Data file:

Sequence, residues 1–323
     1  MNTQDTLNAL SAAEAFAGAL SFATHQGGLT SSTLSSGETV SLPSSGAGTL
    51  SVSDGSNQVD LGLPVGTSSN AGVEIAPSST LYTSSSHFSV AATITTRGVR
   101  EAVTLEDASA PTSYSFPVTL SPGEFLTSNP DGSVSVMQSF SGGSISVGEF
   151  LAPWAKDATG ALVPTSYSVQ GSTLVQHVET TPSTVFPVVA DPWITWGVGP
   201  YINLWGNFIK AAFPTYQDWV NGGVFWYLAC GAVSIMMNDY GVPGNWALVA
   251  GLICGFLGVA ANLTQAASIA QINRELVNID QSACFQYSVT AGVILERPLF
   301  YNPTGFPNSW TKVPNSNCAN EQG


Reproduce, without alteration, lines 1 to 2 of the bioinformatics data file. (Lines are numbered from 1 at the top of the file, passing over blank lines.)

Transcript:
Sequence, residues 1–323
     1  MNTQDTLNAL SAAEAFAGAL SFATHQGGLT SSTLSSGETV SLPSSGAGTL